My name is Katherine Innes, and I am Ai-Media UK’s Business Development Executive. On Wednesday 17th December I attended a conference hosted by Loughborough University. The subject for discussion was ‘Lecture Capture: Building the Evidence Base.’

Lecture capture is the name given to various types of technology which enable lecturers and their visual aids (e.g. PowerPoint) to be recorded and watched back by the students in their own time and at their own pace.

Delegates represented more than twenty universities in the UK, and were at different stages in their involvement with lecture capture. While some universities have had the technology for a considerable amount of time and use it widely on campus, other institutions have poor uptake of lecture capture by lecturers. Many universities are only now at the initial stage of looking into the solution, and need reassurance that the results justify the investment.

Research into its efficacy is still in its early stages, and it will be a while before quantifiable evidence from British universities is available to make informed decisions based on statistically valid studies. However, it’s fair to say that, with its perceived benefits and ability to attract the best candidates, along with pressure and high expectations from students, this is a technology that is here to stay in one way or another – you can’t uninvent the wheel.

If lecture capture is embedded into university teaching, it is essential to harness its true potential and make it work for its money.

Working for Ai-Media, I see things from an accessibility and inclusion point of view. Lecture capture, as it stands, produces an audio recording of the lecturer speaking and any visual aids used, but few lecturers currently allow themselves to be filmed. Here lies the opportunity to create a level playing field. Adding subtitles to the recording optimises its full potential and makes lectures truly accessible to all, including deaf students. Far from spoon feeding the non-disabled student, now all students, including those who are deaf, dyslexic or have English as an additional language, can have equal access to lecture material.

With the imminent changes to DSA funding, and the responsibility to support disabled students resting with the university, it is increasingly important that lecture capture is exploited to its maximum potential. This may well be the trigger needed for lecturers to embrace the technology. However, with a price to make your eyes water, and without empirical evidence to back the claim that the technology really does improve student attainment, many universities need an alternative way to capture their lectures.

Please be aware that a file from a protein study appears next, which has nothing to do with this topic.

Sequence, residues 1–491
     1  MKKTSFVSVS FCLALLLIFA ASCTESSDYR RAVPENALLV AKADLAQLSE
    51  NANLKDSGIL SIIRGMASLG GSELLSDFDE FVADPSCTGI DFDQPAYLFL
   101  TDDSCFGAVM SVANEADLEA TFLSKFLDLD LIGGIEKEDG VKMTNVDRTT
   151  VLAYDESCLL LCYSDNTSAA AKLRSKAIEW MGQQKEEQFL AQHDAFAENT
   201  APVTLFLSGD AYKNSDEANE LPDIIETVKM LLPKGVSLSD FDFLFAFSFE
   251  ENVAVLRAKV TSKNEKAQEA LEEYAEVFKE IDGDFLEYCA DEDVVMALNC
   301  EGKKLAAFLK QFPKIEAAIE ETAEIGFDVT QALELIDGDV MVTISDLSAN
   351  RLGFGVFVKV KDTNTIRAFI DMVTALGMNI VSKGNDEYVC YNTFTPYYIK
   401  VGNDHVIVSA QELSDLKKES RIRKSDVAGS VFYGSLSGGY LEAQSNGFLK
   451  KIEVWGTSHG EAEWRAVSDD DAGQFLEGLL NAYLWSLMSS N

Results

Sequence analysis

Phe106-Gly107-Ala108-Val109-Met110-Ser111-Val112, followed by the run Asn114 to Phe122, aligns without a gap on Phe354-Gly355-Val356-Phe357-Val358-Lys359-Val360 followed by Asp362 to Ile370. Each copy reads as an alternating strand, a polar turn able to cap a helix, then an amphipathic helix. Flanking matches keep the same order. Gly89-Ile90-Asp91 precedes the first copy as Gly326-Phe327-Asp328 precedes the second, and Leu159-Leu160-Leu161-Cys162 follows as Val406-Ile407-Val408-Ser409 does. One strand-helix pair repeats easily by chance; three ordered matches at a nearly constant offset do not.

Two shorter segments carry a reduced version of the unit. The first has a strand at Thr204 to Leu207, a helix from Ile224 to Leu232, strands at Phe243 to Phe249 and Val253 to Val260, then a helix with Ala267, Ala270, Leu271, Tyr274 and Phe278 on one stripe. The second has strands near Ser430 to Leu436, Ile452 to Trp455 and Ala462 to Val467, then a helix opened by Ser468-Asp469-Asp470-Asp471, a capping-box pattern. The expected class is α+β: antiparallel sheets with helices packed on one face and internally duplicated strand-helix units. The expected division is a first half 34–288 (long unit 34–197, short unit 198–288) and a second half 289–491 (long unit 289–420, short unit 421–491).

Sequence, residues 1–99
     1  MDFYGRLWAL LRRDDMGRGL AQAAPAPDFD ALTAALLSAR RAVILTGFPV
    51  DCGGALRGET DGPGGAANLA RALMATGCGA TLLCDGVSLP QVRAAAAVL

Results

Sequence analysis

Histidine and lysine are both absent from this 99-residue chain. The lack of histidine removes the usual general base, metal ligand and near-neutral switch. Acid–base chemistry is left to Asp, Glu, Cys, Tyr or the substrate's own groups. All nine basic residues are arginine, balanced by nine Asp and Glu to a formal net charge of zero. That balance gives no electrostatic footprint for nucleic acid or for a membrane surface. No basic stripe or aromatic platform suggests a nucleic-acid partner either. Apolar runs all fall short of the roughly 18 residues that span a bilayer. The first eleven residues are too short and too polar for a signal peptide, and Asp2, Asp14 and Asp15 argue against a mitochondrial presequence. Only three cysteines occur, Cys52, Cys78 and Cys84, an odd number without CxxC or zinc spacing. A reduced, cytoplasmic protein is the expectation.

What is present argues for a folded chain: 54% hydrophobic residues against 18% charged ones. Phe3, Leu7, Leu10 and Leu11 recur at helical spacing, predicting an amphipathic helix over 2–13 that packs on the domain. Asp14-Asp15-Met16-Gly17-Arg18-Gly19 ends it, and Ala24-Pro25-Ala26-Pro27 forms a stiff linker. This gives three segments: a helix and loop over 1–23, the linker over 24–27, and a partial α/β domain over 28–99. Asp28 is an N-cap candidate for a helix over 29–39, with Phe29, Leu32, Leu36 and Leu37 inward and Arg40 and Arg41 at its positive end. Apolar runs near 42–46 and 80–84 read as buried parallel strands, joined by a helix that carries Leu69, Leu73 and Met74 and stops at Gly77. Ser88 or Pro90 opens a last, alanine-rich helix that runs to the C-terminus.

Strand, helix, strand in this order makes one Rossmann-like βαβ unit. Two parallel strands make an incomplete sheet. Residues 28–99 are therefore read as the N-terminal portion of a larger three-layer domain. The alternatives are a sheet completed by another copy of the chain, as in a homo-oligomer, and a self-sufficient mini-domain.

I think this is where Ai-Live, which provides real-time captioning during the lecture and a full transcript following it, may well help to fill the void. Students in class can literally scroll back if they miss or don’t understand something. They can also revise their lecture using the transcript, which can be filed on their laptops for future use. Lecturers, meanwhile, are able to use their transcripts to reflect on their teaching practice without having to lose any teaching time.

This service is available to a limitless number of students at the same price as for one student, so this could be a much more affordable option than a commitment to a complete lecture capture system - which would then still need to be subtitled!

I hope you have found this blog thought provoking. All in all I found the conference incredibly informative, and a great forum to exchange experiences and opinions. I’m already looking forward to the next one!

You can find more information, and snippets from the conference, on Twitter under #LCevidencebase.

Written by Katherine Innes, UK Business Development Executive

Kathy Innes

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